Potations pottle-deep; and he's to watch.
Three lads of Cyprus, noble swelling spirits,
That hold their honours in a wary distance,
The very elements of this war-like isle,
Have I to-night fluster'd with flowing cups,
And they watch too. Now, 'mongst this flock

of drunkards,


Am I to put our Cassio in some action
That may offend the isle. But here they come.
If consequence do but approve my dream,
My boat sails freely, both with wind and stream.

And let me the canakin clink, clink;

And let me the canakin clink:

A soldier's a man ;

A life's but a span;

Why then let a soldier drink.

Some wine, boys!

Cas. 'Fore God, an excellent song.


they are most potent in potting: your Dane, lago. I learned it in England, where indeed your German, and your swag-bellied Hollander, -drink, ho!-are nothing to your English.

Cas. Is your Englishman so expert in his drinking?

Dane dead drunk; he sweats not to overthrow Iago. Why, he drinks you with facility your your Almain; he gives your Hollander a vomit ere the next pottle can be filled.


Cas. To the health of our general!
Mon. I am for it, lieutenant; and I'll do you

[blocks in formation]

Cas. Why, this is a more exquisite song than the other.

Iago. Will you hear 't again?

Cas. No; for I hold him to be unworthy of his place that does those things. Well, God's above all; and there be souls must be saved, and there be souls must not be saved.

lago. It is true, good lieutenant.


Cas. For mine own part, no offence to the general, nor any man of quality, I hope to be saved.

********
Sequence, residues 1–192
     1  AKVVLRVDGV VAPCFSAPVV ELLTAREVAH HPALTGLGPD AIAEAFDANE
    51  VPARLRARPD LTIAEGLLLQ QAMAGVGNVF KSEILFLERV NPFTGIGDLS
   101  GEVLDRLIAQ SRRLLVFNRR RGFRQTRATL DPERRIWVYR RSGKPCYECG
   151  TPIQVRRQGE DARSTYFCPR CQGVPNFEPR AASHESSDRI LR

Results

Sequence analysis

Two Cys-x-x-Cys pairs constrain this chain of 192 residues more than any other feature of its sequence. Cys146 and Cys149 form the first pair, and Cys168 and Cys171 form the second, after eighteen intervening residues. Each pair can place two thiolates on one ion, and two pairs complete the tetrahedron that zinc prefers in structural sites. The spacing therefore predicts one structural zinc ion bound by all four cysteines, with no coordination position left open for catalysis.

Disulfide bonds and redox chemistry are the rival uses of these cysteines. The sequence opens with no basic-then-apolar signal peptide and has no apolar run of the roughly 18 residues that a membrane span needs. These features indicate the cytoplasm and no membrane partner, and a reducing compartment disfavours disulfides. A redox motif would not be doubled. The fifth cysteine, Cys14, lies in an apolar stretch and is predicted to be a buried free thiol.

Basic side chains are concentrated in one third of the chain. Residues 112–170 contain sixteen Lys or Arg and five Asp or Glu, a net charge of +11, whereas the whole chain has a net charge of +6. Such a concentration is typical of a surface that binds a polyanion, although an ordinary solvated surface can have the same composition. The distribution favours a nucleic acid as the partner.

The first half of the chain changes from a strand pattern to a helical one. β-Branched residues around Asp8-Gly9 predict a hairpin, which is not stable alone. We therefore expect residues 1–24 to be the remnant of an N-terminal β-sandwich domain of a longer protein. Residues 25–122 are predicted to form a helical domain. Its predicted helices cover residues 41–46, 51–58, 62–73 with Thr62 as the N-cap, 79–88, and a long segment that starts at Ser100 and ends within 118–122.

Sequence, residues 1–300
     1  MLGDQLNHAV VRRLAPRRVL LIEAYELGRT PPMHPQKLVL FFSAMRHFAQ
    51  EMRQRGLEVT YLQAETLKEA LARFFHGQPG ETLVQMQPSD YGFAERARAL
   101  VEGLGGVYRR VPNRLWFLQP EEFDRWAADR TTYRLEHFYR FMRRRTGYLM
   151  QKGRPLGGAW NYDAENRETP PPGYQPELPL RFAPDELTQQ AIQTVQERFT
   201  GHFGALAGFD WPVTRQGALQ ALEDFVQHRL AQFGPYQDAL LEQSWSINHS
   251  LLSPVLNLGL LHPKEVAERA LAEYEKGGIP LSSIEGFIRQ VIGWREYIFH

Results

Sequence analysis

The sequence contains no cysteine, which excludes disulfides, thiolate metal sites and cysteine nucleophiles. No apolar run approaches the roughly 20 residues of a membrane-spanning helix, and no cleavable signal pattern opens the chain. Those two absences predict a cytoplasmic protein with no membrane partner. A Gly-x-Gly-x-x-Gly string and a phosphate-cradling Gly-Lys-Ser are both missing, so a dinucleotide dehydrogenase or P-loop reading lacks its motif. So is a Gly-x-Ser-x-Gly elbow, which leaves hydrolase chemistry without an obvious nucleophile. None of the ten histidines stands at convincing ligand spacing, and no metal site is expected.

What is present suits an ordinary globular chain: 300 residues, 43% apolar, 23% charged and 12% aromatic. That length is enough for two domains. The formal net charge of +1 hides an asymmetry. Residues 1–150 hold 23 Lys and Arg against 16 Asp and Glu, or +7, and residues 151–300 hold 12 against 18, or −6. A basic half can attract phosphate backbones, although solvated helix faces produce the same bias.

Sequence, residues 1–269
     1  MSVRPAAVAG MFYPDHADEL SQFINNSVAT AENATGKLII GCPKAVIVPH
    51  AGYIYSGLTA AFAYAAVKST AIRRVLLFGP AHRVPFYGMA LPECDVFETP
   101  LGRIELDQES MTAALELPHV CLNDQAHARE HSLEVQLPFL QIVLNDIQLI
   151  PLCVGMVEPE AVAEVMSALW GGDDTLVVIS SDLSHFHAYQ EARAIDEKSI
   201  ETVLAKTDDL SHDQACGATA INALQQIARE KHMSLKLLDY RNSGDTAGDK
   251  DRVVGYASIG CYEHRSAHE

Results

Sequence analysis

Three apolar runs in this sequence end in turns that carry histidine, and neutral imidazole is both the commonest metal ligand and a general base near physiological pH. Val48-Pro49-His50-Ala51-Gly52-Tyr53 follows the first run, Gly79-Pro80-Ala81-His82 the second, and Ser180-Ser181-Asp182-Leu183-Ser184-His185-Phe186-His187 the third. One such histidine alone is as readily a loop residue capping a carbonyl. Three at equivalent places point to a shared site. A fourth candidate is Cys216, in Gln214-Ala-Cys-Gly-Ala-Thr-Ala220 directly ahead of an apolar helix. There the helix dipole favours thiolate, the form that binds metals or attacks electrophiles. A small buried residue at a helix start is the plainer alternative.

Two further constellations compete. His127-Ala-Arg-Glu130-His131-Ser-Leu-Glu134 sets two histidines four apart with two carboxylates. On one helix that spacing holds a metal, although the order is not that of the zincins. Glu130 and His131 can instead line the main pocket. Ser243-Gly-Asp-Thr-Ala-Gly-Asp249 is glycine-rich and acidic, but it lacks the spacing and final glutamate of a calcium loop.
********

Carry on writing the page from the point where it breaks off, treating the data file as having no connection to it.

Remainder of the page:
Iago. And so do I too, lieutenant.

Cas. Ay; but, by your leave, not before me; the lieutenant is to be saved before the ancient. Let's have no more of this; let's to our affairs. God forgive us our sins! Gentlemen, let's look to our business. Do not think, gentlemen, I am drunk this is my ancient; this is my right hand, and this is my left hand. I am not drunk now; I can stand well enough, and speak well enough.

All. Excellent well.


Cas. Why, very well then; you must not think then that I am drunk. Exit. Mon. To the platform, masters; come, let's set the watch.


lago. You see this fellow that is gone before; He is a soldier fit to stand by Cæsar And give direction; and do but see his vice; 'Tis to his virtue a just equinox, The one as long as the other; 'tis pity of him. I fear the trust Othello puts him in, Cas. 'Fore God, they have given me a rouse On some odd time of his infirmity, Will shake this island. already.

[blocks in formation]
[blocks in formation]

Iago. Aside to him. How now, Roderigo! I pray you, after the lieutenant; go.


Exit RODERIGO. Mon. And 'tis great pity that the noble Moor Should hazard such a place as his own second With one of an ingraft infirmity;

It were an honest action to say
So to the Moor.

Not I, for this fair island: 150
I do love Cassio well, and would do much
To cure him of this evil. But hark! what noise?
Cry within: Help! Help!'
Re-enter CASSIO, pursuing RODERIGO.